It helps when grieving to gently–never radically–break with routine and accede to the unfamiliar; it makes the absences less obvious, the pain less acute. So instead of writing about the Nevada desert in this post, I thought I would share a sunset my husband and I recently witnessed near our home in the Santa Cruz Mountains. This spot overlooks Big Basin Redwoods State Park. It is so elevated that the Pacific Ocean is visible in the distance, more than thirty miles away. Often the Santa Cruz Mountains trap coastal fog but this particular evening was incredibly clear. While I photographed the sunset, my husband gathered blossoms from a nearby Manzanita and needles from a pine. Ever the survivalist he, upon our return home, used them to brew a tea which was high in Vitamin C and invigorating…like sipping a forest…timeless…and free.
May the Lord bless and keep you until we meet again.
My husband and I have never traveled in the Nevada desert without our dogs. This week we lost, after a short illness, our German Short-Haired Pointer pictured in this portrait with my husband. We have wonderful memories of journeying with Choko in the desert and were hoping for many more. We are bereft at the loss of this beloved family member.
I will be taking a break from blogging during this period of grief and adjustment. Please know that you remain in my thoughts and my prayers.
Love and Blessings, Vivian
These are my favorite Nevada desert sunset images of 2012. I’ve discovered that there are certain places where the chances of seeing a beautiful desert sunset are greater than others. Often when my husband and I go out exploring for the day, I start mid-afternoon looking at my watch and urging him to arrive at a certain destination by a particular hour–depending on the season, weather, and what I witnessed the night before. Fortunately, he’s a generous man and happy to accommodate my requests.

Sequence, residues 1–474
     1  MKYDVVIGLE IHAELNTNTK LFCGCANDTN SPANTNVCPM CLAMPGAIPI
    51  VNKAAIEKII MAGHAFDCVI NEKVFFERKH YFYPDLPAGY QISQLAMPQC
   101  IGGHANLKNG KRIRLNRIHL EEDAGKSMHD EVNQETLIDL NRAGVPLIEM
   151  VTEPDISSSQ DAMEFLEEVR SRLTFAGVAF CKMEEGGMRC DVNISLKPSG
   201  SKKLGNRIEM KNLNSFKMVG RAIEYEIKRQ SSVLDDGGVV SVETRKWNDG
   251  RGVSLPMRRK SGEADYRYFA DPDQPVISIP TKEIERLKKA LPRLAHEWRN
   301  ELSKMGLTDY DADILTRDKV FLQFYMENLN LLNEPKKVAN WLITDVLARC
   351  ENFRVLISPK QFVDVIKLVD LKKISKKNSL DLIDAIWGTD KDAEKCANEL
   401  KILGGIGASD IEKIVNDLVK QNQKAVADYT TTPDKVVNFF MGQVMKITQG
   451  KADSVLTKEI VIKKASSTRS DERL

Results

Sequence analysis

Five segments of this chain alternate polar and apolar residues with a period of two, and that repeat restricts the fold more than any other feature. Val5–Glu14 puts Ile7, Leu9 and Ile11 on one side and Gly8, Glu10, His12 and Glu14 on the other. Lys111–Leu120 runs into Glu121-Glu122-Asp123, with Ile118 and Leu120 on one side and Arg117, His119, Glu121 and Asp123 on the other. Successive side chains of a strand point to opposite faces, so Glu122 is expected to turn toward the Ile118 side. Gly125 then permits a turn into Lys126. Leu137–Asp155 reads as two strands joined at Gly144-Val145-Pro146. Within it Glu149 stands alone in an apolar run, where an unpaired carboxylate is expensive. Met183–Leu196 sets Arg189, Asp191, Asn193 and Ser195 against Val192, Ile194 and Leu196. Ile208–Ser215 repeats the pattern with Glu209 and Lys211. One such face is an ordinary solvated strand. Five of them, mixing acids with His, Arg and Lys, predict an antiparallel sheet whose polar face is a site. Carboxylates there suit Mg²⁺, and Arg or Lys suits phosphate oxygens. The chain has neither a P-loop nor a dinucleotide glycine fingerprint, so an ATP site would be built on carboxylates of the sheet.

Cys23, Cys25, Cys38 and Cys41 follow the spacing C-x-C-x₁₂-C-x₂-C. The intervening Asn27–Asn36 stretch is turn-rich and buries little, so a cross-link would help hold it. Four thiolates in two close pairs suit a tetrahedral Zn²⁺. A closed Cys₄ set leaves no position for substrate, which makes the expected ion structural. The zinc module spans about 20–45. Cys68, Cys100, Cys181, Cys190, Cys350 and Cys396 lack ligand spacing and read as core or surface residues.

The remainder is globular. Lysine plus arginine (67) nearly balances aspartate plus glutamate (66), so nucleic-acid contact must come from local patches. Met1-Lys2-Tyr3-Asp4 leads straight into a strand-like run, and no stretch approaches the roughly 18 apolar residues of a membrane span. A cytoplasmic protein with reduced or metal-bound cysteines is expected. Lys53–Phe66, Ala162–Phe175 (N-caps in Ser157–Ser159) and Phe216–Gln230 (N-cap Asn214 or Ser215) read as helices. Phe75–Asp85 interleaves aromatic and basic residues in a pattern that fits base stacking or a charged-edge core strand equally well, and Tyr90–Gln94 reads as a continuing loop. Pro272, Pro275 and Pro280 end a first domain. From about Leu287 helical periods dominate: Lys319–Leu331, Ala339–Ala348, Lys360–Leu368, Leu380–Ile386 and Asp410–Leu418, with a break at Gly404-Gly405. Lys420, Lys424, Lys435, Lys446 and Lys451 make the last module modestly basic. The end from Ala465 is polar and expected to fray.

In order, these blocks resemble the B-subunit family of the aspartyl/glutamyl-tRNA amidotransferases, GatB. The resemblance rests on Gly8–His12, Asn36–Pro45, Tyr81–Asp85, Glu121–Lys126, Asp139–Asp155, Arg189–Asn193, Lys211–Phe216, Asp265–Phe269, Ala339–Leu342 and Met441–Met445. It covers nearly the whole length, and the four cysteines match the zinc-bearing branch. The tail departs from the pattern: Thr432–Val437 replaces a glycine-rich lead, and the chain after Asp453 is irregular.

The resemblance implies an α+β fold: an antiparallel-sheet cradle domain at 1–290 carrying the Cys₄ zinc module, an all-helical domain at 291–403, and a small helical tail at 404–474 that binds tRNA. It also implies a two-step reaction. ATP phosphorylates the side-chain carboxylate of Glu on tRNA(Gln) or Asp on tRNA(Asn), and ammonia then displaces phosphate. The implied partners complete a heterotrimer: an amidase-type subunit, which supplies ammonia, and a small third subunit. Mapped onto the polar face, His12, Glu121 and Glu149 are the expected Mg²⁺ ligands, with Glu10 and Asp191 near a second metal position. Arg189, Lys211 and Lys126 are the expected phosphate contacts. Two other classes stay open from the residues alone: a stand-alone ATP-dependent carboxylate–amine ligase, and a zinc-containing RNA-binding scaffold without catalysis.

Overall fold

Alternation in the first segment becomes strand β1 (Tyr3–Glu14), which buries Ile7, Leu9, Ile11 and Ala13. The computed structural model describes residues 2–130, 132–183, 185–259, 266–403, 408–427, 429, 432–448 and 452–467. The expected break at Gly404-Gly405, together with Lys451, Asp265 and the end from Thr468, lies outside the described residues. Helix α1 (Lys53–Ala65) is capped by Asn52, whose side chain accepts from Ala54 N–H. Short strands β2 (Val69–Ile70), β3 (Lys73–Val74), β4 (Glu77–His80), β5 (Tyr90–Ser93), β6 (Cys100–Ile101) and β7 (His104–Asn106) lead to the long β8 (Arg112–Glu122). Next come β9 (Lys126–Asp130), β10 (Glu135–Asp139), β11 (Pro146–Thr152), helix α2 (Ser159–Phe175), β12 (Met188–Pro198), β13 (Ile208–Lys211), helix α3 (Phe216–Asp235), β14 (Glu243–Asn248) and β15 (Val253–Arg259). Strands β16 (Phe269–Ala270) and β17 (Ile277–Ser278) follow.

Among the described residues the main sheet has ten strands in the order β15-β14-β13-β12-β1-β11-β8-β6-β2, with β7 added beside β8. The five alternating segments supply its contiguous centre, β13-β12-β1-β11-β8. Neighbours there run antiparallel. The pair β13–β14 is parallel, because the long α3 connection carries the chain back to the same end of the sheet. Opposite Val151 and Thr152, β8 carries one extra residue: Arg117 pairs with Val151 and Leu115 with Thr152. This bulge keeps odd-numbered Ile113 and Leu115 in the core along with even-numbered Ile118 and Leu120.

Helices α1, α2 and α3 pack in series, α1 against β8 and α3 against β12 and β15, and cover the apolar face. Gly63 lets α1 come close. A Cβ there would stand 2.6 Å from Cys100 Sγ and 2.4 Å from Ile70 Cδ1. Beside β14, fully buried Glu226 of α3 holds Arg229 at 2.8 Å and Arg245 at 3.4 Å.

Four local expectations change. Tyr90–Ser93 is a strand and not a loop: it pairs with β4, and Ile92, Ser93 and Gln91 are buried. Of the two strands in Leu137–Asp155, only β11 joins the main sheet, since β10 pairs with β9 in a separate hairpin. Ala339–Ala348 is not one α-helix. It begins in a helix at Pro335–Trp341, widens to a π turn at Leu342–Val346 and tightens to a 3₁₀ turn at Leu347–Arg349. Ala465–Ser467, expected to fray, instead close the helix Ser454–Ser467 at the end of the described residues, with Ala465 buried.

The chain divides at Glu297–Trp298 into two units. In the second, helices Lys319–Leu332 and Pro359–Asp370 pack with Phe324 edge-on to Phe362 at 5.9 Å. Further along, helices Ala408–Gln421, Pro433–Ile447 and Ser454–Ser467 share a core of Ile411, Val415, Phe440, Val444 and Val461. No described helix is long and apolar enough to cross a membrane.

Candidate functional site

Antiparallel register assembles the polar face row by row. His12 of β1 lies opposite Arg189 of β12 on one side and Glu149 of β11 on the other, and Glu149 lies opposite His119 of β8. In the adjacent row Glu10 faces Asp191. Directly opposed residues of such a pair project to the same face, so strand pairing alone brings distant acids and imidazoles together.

“If I can put one touch of rosy sunset into the life of any man or woman, I shall feel that I have worked with God.” — G.K. Chesterton, Essayist
The desert sunset photographs in this gallery were taken (from left to right and top to bottom):
- Imlay, Nevada
- Majuba Mountains, Nevada
- West Humboldt Range, Nevada
- Antelope Valley, Nevada
- Rye Patch Reservoir, Nevada
The featured image in this post was taken near the foothills of the Eugene Mountains.
“Sunsets are so beautiful that they almost seem as if we were looking through the gates of heaven.” — John Lubbock, English Biologist
Four years ago my husband and I broke down one afternoon in a remote Nevada desert canyon where the temperatures hovered around 100 degrees. We covered the car with towels for shade, prayed, made a plan and, by the grace of God, were rescued within a matter of hours by strangers arriving in the canyon to camp. Despite the speedy rescue, the breakdown became a defining moment for us because one of the big “what if’s” that confront every wilderness traveler was from then on a “remember when.”